U.S. housing woes: Canadians to the rescue?

One of the most obvious antidotes to the United States’ housing woes is an increase in household creation — and it doesn’t matter all that much who comprises those households.

Another obvious antidote is for more investors to enter the market with plans for earning rental income for an extended period of time. That trend will keep the sales inventory low, which helps stabilize prices.

So a hearty welcome to the growing numbers of Canadians, Chinese, Mexicans, and other foreign nationals who see the United States real estate market as a good place to invest their money. Apparently, favorable exchange rates and solid fundamentals are luring a larger number of investors, second-home buyers, and retirees from other countries.

From the WSJ’s Foreigners Snap Up Properties in the U.S.:

International buyers accounted for $82.5 billion, or 8.9%, of the $928 billion spent on residential real estate in the 12-month period that ended in March, according a survey released Monday by the National Association of Realtors. That was up 24% from $66.4 billion in the previous-year period.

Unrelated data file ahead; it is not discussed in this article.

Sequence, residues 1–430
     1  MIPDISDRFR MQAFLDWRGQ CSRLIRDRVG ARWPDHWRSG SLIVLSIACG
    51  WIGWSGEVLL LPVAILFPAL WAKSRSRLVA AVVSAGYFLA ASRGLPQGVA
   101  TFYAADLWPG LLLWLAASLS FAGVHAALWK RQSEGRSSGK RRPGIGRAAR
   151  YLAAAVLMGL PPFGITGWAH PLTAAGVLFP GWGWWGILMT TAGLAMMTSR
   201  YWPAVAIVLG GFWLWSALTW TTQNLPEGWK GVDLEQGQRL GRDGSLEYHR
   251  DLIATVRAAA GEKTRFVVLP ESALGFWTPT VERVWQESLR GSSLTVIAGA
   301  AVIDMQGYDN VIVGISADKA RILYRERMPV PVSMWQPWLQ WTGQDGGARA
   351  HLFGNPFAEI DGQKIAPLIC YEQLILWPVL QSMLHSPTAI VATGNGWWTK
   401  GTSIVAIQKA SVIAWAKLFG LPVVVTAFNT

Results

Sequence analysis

The survey showed that about 55% of all international buyers came from five countries: Canada, China, Mexico, India and the United Kingdom. Five states, meanwhile, accounted for around 55% of all sales to international buyers: Florida, California, Texas, Arizona, and New York. The survey found that 62% of international buyers paid in cash.

Canada sends us 24% of foreign buyers, with China (11%), Mexico (8%), India (6%), and the U.K. (6%) coming next.

Florida is the location of choice for 26% of buyers (apparently they’re snapping up condos in Miami), with California (11%), Arizona (7%), Texas (7%), and Georgia (4%) next.

39% of international buyers plan to use the properties as their permanent residences, while 23% plan vacation homes. 17% will be used for residential rentals.

According to the NAR:

The average price paid by an international buyer was $400,000 compared to the overall U.S. average of $212,000. Several reasons account for why the average international home price is higher than the average overall price. The international client is typically wealthier than the domestic buyer and is looking for a property in a specialized niche, for example, a larger property suitable for multi-generational living, or a property that establishes the individual’s presence and standing in the community.

This is all good news.